Official or co-official languages


Brief description of linguistic diversity

Many European languages (English, German, Spanish, Italian, Greek etc.)  + Arabic, Chinese, Vietnamese and others. The main languages needed for legal interpreting include Arabic, Somali, Urdu, Pashto, Farsi, Turkish, Romanian, Russian, and English (mainly English as a second or third language).



Current legislative mandates for LIT and certification

The Commissioner for Danish National Police keeps a list of interpreters who are then used for work within the Ministry of Justice (Courts, Police etc.). There are two ways to be included on the list:

1/Holders of an MA degree in translation and interpreting are automatically included upon application (their degree enables them to become authorized interpreters – full title: State-authorized Translators and Interpreters).  Holders of an MA or a BA in languages (Philology) are also included upon application. Though they are trained in literary translations only, they are assumed, because of their language degree, to be qualified for court interpreting.  However, the legal system acknowledges that there is a difference between the qualifications of the two groups; those with authorization are the better-qualified interpreters.

2/ For speakers of other languages, go to the local police station and prove competence in spoken Danish + familiarity with Danish society/legal system. A Danish citizen who has worked in another country and speaks that language might also apply for admission to the list.

Responsible parties:


Current accrediting bodies

At present (2013), there is only one university (Aarhus) which offers degrees in translation/interpreting. There is no national certification independent of these.  Very few of the interpreters on the list have an interpreting degree (c 150 maximum out of c3000). Some interpreters (c 35 maximum) have a Diploma in Community Interpreting (having completed a two-year part time program in community interpreting - this programme closed in 2002).  Only Aarhus University offers interpreting/translation of specialized texts (legal etc.) but other universities offer language programs which include literary translation. Denmark has six universities that offer language programs.

The main languages offered are: English, German, Spanish, French or all European languages + Arabic, Chinese and Japanese + possibly a few others.

Does register exist?

See information about the list above.

Who develops certification exams?


Who/How many rate performances?



There are two associations for State-authorized Translators and Interpreters ( and  They are associations (not trade unions) and have no formal authority.

There is some collaboration between these associations and Aarhus University about training and between the associations and the National Police about the list (see above). They have no say or authority as such, only a consultative function. Untrained interpreters also have an association, but with very few members, and with absolutely no authority:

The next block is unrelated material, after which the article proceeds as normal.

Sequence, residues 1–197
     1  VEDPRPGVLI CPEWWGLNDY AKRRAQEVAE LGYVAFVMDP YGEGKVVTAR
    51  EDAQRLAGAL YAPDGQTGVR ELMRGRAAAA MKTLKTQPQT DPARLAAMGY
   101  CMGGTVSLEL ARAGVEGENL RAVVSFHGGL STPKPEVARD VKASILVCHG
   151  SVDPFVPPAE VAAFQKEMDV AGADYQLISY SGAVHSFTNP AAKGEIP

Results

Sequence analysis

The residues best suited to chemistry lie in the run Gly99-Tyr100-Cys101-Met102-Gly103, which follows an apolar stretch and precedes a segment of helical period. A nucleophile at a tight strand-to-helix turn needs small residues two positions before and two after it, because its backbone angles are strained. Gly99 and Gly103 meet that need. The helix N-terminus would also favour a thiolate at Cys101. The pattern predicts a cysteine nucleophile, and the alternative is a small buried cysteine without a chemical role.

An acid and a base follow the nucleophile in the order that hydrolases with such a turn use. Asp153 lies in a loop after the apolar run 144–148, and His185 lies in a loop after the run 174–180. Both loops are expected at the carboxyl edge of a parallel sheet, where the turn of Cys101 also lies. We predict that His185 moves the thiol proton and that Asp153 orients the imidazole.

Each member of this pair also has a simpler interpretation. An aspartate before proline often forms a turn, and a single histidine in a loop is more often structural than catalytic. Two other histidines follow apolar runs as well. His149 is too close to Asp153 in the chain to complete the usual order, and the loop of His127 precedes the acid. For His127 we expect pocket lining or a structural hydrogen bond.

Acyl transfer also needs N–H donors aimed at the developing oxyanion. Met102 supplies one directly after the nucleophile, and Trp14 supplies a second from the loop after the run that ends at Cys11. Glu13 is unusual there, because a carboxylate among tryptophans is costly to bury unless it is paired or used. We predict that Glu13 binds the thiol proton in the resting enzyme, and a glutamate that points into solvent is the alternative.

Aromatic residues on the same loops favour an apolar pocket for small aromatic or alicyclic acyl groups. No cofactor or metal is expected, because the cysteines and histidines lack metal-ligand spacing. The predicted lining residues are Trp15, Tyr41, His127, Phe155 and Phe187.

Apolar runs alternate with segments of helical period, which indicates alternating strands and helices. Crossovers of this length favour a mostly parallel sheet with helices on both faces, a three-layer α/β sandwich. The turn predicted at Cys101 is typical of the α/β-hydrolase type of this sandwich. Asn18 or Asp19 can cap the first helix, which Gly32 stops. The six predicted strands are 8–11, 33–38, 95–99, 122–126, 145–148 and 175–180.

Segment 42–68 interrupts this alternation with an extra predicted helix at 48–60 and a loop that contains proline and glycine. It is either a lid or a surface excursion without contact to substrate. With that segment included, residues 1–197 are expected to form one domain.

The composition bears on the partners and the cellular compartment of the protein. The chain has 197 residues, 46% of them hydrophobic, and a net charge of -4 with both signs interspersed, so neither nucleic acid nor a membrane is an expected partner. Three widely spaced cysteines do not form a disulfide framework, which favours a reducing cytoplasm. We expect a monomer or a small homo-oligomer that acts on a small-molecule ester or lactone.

Test Format:


T & I in one exam?


Screening exam? Describe.


Test type/format



Domains tested







Website? Dissemination of info about certification

A Danish website 'Legal Information' lists all Danish statutes and statutory orders, including the statutory order (issued by the MOJ) which concerns the Registry (list). It is likely that few interpreters are aware of the existence and content of the statutory order.

On the website of the Danish Police, under “Forms”, interpreters can find an application form and information on how to apply for approval and registration. Again, this information is not easy to find. Sometimes the police advertise if they need interpreters for certain languages.


Requirements to sit exam



Sample questions or practice exam available?



Additional qualifications for certification (experience, training, educational level, nationality)

No experience is necessary for inclusion on the list, but experience is taken into account.

Cost to candidate/#of locations/ frequency

There is no cost for inclusion on the list.

Feedback on exam performance




Maximum nº of sittings


Permanent or renewable certification Inclusion on the list is permanent.





Revocation of certification possible?


There is no oficial disciplinary process, but it is possible to be removed from the list.  There is no system of appeals but the interpreter can reapply and may be reinstated, at least in theory, depending on the reason for removal.


Performance monitored? If so, how?

There is no monitoring of performance.